Considering the Dark Ages

I saw this post earlier this morning and rather than merely respond (in agreement) I figured it warranted a post of its own. The study of the ‘Dark Ages’ have been subject to all sorts of abuse. (It is necessary to mention that I do not entirely agree with abtwixt’s definition of ‘Dark Age’; this term more properly refers to the badly sourced period between the end of the Roman Empire in the west and the coronation of Charlemagne in 800. This is what I refer to when I use the term ‘Dark Age’.) It is also necessary to mention my own lack of expertise in this particular area. I am, first and foremost, a Byzantinist. Most of my experience and knowledge is in the eastern half of the Mediterranean during this period. Someone much more informed than I on this topic is Curt Emanuel, whose blog you should be reading.

The study of the ‘Dark Ages’ only now seems to be crawling out of the mess that Petrarch left. The advent of late antique and early medieval studies has not only made study of this period acceptable, it is almost becoming popular. When making my decision about whether to go to Oxford or not, I looked at current academic job postings. There’s a grand total of nothing in classics, and about as much in Byzantine Studies. However, there were a number of jobs open for those in the area of late antiquity and the early middle ages. It’s a good thing that this field is expanding and that there are academic jobs out there, because a:) This is a misrepresented period of history, and b:) I intend to find employment in it one day. Much of the bias towards this period seems to be a holdover from Enlightenment thinking that despised the Dark Ages because of its perceptions of a period of pervasive Christianity. This view still seems to be held today, along with claims of almighty popes, witch-burnings, inquisitions, and crusades. The fact that these seem to be most commonly-cited claims as why the Dark Ages were just horrible goes a long way to explaining the ideas that people have about the Dark Ages, since two of those (witch burning and inquisitions) belong entirely to the late middle ages/Renaissance, and we don’t actually see any crusades or extremely powerful popes during the early middle ages! Both of those belong to the high middle ages, and this really says a lot about the state of education on the medieval period in general.

Petrarch’s comparison of the Dark Ages to Rome does not seem to have died away either. A cultural value judgement is in place here, but one that is more accepted in our society because the Big Bad Evil Thing that caused the Dark Ages was Christianity and the fall of the Roman Empire. One can almost hear Gibbon weeping in the background. If one were to denigrate Sassanid Persian society and history because they were Zoroastrian, one would be a bigot. However, the same label isn’t applied to those who despise the Dark Ages, simply because it is an accepted cultural ‘fact’ that it was a horrid time and religion and violence had a lot to do with that. Yet religion and violence were an ongoing part of the Roman Empire, too. Is decentralized early medieval violence any less barbaric than the state-sponsored repression and terror of the Roman Empire?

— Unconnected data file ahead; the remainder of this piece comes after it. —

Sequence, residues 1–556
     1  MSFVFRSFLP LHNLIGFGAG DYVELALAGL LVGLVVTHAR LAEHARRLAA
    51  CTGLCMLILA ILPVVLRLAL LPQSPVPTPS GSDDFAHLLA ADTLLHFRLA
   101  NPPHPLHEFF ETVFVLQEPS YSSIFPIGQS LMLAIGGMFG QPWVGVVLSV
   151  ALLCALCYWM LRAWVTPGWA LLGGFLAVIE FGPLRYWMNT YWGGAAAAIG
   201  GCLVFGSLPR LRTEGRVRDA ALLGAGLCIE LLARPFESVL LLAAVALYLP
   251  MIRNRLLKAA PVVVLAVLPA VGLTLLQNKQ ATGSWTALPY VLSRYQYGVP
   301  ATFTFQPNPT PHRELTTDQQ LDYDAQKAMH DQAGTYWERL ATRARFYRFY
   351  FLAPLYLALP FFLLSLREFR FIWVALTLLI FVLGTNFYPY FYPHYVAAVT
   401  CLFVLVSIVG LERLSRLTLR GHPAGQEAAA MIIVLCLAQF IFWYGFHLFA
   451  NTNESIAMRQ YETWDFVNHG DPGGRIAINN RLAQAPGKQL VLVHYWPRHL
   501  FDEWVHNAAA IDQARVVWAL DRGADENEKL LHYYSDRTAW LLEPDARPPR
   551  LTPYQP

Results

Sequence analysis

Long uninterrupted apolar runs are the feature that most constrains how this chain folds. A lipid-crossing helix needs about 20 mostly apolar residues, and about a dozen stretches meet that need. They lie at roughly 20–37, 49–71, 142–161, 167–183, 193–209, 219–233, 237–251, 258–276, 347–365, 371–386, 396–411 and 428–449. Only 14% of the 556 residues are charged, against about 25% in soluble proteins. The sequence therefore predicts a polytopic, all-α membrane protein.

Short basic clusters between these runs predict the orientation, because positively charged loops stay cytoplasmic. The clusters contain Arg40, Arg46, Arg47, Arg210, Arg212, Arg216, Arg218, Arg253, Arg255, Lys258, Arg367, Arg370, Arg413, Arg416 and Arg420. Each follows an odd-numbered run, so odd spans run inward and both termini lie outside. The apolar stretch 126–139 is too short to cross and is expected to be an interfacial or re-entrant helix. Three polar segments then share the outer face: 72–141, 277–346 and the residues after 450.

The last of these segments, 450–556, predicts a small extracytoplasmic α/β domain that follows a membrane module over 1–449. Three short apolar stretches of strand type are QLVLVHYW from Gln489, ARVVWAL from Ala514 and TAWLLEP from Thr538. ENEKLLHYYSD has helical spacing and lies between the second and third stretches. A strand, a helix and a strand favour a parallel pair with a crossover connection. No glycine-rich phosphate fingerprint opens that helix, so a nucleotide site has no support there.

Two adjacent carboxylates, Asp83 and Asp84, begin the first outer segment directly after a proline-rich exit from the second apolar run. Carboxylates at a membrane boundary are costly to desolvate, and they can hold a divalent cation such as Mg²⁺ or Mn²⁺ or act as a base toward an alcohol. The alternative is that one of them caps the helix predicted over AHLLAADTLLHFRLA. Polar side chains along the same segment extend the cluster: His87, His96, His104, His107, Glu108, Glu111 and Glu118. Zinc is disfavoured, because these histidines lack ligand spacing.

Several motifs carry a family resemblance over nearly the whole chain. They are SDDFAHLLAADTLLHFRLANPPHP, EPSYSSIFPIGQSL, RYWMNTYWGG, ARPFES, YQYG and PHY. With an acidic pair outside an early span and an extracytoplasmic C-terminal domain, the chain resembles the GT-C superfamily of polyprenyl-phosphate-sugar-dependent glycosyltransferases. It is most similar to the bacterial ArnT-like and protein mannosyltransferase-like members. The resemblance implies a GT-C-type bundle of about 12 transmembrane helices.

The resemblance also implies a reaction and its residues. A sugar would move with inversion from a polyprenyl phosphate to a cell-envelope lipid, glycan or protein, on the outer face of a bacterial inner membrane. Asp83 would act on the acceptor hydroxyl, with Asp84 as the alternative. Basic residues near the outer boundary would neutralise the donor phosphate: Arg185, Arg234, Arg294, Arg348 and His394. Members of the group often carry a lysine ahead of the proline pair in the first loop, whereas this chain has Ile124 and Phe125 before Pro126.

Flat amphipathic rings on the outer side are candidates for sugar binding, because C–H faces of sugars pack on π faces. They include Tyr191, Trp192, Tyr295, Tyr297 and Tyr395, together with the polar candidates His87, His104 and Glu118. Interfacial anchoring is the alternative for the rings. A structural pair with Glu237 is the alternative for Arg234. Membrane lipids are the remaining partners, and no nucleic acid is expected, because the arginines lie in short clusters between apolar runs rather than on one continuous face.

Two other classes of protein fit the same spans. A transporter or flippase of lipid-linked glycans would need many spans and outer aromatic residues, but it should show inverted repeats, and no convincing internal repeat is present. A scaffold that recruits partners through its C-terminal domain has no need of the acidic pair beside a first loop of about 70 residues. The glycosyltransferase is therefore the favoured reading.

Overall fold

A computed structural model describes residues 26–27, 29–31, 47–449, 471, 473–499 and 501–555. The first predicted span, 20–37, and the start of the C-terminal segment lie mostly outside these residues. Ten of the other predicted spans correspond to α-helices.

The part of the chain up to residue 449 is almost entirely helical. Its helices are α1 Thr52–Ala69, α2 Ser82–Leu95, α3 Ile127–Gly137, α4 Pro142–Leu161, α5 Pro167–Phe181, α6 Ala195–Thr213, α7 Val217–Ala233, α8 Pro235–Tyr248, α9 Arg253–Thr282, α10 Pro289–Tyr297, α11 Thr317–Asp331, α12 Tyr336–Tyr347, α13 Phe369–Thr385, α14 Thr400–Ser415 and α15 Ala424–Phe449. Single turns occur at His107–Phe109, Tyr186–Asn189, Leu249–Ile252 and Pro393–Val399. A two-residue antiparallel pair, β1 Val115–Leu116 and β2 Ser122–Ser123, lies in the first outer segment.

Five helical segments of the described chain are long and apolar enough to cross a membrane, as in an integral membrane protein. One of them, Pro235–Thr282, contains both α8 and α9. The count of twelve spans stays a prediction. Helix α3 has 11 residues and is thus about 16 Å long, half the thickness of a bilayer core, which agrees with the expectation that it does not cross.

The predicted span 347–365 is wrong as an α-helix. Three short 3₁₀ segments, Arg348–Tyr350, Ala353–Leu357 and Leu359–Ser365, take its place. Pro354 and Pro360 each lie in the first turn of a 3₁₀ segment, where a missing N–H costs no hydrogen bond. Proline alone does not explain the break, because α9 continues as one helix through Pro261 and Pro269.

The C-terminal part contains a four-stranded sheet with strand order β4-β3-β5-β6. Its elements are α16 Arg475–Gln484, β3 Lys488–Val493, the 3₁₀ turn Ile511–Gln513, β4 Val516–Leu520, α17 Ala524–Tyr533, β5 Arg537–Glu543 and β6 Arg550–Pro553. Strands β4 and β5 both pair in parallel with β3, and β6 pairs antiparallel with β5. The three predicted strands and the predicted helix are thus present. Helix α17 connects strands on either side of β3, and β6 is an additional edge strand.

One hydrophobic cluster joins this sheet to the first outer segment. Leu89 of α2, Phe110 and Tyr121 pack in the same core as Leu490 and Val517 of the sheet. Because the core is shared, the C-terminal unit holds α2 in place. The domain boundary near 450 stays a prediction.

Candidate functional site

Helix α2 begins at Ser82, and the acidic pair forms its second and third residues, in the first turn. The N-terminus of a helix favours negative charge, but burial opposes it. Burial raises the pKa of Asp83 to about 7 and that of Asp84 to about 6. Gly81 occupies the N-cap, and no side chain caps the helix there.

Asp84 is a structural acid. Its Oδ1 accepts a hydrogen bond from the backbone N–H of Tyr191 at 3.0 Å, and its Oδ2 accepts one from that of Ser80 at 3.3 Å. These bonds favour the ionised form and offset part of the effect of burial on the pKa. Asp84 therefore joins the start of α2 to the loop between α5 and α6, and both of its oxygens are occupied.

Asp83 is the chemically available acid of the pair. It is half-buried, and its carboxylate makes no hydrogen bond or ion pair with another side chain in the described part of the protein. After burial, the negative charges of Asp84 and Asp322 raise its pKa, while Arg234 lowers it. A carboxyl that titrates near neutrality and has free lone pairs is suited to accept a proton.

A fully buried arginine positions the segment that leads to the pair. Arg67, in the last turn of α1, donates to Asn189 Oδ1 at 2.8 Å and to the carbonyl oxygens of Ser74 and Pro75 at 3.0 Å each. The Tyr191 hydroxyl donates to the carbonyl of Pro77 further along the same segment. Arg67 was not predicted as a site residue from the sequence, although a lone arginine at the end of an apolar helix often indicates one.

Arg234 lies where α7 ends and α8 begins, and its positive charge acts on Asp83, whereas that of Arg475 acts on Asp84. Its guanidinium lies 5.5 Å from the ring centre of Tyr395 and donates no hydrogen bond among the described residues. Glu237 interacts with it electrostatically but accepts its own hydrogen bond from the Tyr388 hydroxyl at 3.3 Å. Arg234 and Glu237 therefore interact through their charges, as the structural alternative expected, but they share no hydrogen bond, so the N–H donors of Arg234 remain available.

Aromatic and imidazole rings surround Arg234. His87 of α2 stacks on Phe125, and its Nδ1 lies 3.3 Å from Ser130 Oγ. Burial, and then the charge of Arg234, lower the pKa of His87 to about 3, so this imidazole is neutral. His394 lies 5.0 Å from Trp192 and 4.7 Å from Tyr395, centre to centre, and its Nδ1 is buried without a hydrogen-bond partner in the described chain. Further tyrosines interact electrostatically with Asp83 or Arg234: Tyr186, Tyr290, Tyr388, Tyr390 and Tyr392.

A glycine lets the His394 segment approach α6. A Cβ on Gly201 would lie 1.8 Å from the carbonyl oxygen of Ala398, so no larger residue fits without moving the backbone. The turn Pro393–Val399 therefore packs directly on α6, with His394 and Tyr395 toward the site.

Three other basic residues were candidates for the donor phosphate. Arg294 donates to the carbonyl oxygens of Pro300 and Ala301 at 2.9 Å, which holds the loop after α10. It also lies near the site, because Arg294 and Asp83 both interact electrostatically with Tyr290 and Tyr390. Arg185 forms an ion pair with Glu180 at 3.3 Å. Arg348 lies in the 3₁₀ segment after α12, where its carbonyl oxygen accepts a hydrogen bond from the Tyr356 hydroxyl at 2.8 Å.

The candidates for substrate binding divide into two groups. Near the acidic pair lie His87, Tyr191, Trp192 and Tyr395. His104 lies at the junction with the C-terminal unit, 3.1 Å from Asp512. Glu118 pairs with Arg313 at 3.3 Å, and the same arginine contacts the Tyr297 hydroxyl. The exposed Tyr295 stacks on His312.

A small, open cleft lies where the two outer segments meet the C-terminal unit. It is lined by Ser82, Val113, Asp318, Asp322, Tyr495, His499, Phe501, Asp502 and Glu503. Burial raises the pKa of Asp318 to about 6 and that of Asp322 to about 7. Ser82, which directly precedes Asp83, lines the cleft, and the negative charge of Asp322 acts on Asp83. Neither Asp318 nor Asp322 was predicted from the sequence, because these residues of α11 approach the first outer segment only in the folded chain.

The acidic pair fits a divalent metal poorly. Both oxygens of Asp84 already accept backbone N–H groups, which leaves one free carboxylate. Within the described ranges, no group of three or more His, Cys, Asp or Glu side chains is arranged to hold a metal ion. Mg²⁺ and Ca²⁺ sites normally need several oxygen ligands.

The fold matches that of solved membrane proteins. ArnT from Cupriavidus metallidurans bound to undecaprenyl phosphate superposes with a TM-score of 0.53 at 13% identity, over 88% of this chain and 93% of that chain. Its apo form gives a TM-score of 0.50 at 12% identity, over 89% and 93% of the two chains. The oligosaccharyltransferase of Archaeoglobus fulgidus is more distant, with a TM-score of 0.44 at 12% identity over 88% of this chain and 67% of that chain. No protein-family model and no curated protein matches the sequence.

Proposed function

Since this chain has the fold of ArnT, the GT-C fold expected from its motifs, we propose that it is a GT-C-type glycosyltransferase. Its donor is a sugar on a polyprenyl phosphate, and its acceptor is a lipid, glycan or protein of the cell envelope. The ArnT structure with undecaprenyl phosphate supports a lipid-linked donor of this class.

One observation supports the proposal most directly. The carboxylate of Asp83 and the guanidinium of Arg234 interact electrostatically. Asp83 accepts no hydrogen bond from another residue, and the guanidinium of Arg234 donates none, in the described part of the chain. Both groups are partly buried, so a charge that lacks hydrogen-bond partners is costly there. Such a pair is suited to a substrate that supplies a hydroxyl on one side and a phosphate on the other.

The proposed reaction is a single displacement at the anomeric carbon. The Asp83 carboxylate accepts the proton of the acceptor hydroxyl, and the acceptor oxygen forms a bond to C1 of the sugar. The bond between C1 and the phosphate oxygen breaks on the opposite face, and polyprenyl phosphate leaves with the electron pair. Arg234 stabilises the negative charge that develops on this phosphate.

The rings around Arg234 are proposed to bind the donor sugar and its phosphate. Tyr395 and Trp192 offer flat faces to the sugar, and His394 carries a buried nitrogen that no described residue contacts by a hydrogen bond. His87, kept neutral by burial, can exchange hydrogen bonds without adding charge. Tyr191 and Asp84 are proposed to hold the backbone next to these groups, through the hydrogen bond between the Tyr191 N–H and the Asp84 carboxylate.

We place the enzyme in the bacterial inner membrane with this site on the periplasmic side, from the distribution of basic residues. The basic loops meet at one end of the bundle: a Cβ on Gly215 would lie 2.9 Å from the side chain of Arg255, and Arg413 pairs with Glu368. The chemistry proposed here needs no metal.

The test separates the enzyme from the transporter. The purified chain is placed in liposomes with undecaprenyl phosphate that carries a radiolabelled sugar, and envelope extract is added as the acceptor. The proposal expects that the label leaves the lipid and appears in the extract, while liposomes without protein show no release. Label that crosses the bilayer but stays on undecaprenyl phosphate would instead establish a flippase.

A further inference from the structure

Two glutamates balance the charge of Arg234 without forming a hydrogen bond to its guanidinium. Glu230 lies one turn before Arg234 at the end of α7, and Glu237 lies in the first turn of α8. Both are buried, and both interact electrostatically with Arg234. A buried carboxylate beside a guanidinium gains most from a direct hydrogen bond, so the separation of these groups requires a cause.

Late last term a friend of mine was bemoaning the loss of learning that occurred with the end of the Roman Empire. I asked her why she thought this was the case, and I recall hearing something about church oppression and illiteracy. It is important to point out that the vast majority of people who lived in the Roman Empire were illiterate rural peasants and who were no more learned than their early medieval (or late medieval, or early modern) counterparts. Learning was an elite activity, and even then one must wonder what centuries of trivium and quadrivum education in the Roman Empire seem to have really accomplished. This education was tied tightly up with social status, and its goal was focused on rhetoric and rote recitation. This does not mean that there were not real intellectuals in the Roman period, but like today, the majority of the literate class produced nothing of real intellectual worth. To suppose that the Roman system was in some way superior to learning in the early middle ages (where this same system appears to have continued on, just on a more limited scale as one no longer needed it to interact with the Roman government; witness the relative of Gregory of Tours who preferred to access local power by taking a Frankish name) comes right back to the cultural value judgement.

Some have tried to return to early medieval period to earlier notions of a catastrophic collapse following the end of the Roman Empire in the west. For example, Bryan Ward-Perkins has attempted to do this by arguing for a dramatic drop in living standards following the end of the Roman Empire. If he’s right, he’s going to have to try a whole lot harder. His two examples are Britain and Italy. Britain is a mysterious case, and not one I am qualified to discuss in any depth. It does appear that many of the Roman amenities in daily living were just abandoned in favour of more primitive means of living, but why is unknown. Italy, on the other hand, is a lousy example because of two centuries of endemic warfare and destruction. Visigoths, Huns,Ostrogoths, Franks, Lombards, Vandals, and East Romans all had their go at the peninsula in a period of less than two centuries. The war between the Eastern Romans and the Ostrogothic Kingdom raged for almost two decades and seems to have inflicted significant damage to the peninsula. It is not surprising in the least that Italy experienced a drop in living standards. What is surprising is that Ward-Perkins never talks about Gaul, Africa, or Spain, and especially not the Mediterranean coast on the south of Gaul that seems to still have been quite developed when the revolution of the high middle ages took place.

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